Comparing fast-growing shade trees


We get many requests for fast-growing shade trees. People with new homes on open ground often want to establish shade trees quickly. There are also many cases where an established tree has been removed, leaving a big sunny spot where there was once shade. The desire for “instant shade” on a budget often leads to choosing trees that won’t be successful long-term. While fast-growing trees such as Silver Maple can be cheaper to buy in the beginning, we see families spending hundreds or even thousands of dollars over the years to have the trees “trimmed” and ultimately removed.

Some of the fastest growing trees are also the shortest lived, and can come with built-in shortcomings. Examples include Catalpa, Box Elder, Silver Maple, Poplar and willow. These trees can be the messiest, disease-prone, and most attractive to pests. They tend to break easily in wind and ice storms, and can have invasive root systems that heave sidewalks and clog sewer lines.

The fact remains that sometimes we aren’t willing to wait for hard maples, oaks and other “blue chip” shade trees to grow, and we want results faster. For these situations we typically recommend the London Planetree, a cousin of the American Sycamore that grows along creeks and ponds here in Adams County. Like the Sycamore, London Planes have attractive mottled white bark, but they don’t drop messy fruit and are more disease resistant than their cousins.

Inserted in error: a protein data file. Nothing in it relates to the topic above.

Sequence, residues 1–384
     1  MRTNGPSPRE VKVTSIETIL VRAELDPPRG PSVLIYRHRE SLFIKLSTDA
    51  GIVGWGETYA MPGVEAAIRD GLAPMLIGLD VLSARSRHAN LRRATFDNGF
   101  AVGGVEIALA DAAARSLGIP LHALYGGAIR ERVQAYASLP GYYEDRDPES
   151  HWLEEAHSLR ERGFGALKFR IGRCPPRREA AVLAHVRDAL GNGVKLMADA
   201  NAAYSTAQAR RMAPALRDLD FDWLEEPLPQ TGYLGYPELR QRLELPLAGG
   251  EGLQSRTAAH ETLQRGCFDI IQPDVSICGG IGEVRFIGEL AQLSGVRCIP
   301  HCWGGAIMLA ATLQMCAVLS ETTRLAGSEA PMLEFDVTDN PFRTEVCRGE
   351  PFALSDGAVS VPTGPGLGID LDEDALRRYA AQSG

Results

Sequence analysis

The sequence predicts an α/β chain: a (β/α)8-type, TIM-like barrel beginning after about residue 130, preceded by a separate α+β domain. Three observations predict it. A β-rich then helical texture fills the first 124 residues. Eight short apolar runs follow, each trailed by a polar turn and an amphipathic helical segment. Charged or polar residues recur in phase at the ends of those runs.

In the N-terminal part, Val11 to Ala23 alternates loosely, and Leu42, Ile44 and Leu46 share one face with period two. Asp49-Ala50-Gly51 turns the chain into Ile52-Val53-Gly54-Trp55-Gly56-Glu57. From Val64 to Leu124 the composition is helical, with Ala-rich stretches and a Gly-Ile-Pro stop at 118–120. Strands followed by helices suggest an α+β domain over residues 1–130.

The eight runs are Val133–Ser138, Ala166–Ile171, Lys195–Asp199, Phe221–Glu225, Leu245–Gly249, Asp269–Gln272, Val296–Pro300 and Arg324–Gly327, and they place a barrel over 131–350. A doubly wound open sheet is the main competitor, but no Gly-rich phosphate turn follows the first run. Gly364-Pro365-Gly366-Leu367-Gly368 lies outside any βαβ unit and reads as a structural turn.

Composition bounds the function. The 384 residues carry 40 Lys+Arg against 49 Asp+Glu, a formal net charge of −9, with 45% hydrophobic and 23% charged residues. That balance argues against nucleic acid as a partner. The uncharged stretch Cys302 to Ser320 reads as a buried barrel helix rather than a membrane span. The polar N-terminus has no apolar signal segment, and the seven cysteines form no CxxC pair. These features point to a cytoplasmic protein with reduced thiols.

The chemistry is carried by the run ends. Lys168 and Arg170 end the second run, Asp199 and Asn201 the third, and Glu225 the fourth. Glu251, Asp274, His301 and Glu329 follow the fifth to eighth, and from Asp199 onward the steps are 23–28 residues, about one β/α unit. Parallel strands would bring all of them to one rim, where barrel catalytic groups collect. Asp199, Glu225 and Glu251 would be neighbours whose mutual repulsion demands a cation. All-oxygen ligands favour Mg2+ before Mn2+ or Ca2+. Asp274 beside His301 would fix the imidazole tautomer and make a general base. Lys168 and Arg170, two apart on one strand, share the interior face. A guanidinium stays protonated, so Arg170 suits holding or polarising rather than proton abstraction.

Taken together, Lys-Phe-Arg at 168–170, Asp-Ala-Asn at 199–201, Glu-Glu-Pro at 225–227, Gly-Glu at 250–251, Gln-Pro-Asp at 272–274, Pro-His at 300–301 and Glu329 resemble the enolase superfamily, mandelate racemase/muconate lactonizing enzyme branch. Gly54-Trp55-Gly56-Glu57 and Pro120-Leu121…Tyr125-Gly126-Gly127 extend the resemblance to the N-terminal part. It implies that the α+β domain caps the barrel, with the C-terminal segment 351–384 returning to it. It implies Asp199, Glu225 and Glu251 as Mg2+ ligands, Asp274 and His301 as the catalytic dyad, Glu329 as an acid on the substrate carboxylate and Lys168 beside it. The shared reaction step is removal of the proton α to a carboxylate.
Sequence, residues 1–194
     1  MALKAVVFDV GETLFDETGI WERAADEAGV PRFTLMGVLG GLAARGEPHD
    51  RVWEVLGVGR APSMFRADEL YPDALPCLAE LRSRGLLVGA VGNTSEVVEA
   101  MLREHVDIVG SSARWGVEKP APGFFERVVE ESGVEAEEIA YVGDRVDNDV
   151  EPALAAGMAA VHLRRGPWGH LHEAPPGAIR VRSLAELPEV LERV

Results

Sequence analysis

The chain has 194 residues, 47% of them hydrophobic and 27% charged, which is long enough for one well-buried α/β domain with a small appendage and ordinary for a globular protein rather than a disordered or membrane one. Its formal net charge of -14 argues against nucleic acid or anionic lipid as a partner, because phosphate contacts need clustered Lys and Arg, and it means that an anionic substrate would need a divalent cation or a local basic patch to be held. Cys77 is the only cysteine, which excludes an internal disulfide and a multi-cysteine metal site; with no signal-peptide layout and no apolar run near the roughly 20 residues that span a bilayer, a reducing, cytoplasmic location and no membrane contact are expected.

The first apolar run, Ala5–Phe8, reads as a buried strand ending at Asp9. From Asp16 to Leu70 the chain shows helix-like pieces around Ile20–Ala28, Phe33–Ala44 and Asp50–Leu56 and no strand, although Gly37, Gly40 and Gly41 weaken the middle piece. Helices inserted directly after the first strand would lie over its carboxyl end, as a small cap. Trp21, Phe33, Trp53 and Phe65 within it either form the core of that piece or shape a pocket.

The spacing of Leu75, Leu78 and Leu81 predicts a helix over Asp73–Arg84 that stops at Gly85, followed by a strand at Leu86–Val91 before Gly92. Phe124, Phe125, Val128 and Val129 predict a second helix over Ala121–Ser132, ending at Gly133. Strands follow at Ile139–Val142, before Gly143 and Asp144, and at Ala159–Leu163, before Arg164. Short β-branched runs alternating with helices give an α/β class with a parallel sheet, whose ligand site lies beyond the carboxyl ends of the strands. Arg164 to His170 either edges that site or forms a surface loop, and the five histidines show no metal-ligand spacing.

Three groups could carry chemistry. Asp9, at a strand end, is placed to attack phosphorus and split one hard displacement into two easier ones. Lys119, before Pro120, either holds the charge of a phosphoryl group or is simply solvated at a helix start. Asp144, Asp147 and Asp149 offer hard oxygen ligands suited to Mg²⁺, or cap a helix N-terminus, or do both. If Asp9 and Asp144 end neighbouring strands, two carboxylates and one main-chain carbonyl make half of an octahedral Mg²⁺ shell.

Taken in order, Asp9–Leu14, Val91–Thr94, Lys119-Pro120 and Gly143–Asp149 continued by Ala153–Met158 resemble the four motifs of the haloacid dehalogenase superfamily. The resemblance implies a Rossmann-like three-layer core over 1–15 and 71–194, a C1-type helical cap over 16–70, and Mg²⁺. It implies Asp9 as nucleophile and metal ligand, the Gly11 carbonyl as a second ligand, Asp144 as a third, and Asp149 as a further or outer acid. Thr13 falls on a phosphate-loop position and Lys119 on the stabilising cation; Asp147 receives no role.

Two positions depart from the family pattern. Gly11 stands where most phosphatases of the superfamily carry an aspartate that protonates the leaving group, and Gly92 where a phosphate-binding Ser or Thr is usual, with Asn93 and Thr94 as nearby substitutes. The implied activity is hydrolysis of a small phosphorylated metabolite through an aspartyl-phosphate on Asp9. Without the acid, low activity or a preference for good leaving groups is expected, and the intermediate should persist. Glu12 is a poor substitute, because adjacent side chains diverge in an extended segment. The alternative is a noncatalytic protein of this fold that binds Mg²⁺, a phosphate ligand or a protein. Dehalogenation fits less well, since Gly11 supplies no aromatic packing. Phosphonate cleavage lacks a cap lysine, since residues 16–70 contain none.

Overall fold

London Planes can grow 3 to 5 feet per year, developing rapidly into a handsome pyramidal shape. They are amazingly tolerant of compacted soil and clay, and they can survive extremes of wet and dry in almost any type of soil. They prefer full sun.

Characteristics London Planetree Silver Maple

Height: 70 feet 70 feet

Spread: 50 feet 45 feet

Growth: Rapid Rapid

Life span: Moderate to long Long-lived on moist sites

Soil Requirement: Any Soil Prefers acid soil

Moisture Requirement: Wet or Dry Prefers moist soil

Pruning Requirement: Needs little pruning Needs frequent pruning

Limb breakage: resistant susceptible

Uses: Parking lot shade, street tree Shade in open areas, reclamation

Weaknesses: Leaf drop in drought Surface roots, seedlings, pest susceptible

If what you’re really looking for is a more compact shade tree, there are plenty of shade trees you can depend on never to grow larger than 25 or 30 feet tall and wide. In fact, there are trees available in almost any dimension you have room for in your yard. Rather than “trim” trees constantly to keep them compact, start with a tree that naturally grows to the shape and size you want! A professional nurseryman can match the right tree with the conditions and requirements you have.

Steve Boehme is a landscape designer/installer specializing in landscape “makeovers”. “Let’s Grow” is published weekly; column archives are on the “Garden Advice” page at www.goodseedfarm.com. For more information is available at www.goodseedfarm.com or call GoodSeed Farm Landscapes at (937) 587-7021.

Steve Boehme is a landscape designer/installer specializing in landscape “makeovers”. “Let’s Grow” is published weekly; column archives are online at www.goodseedfarm.com. For more information call GoodSeed Farm Landscapes at (937) 587-7021.© 2019 Portsmouth Daily Times, all rights reserved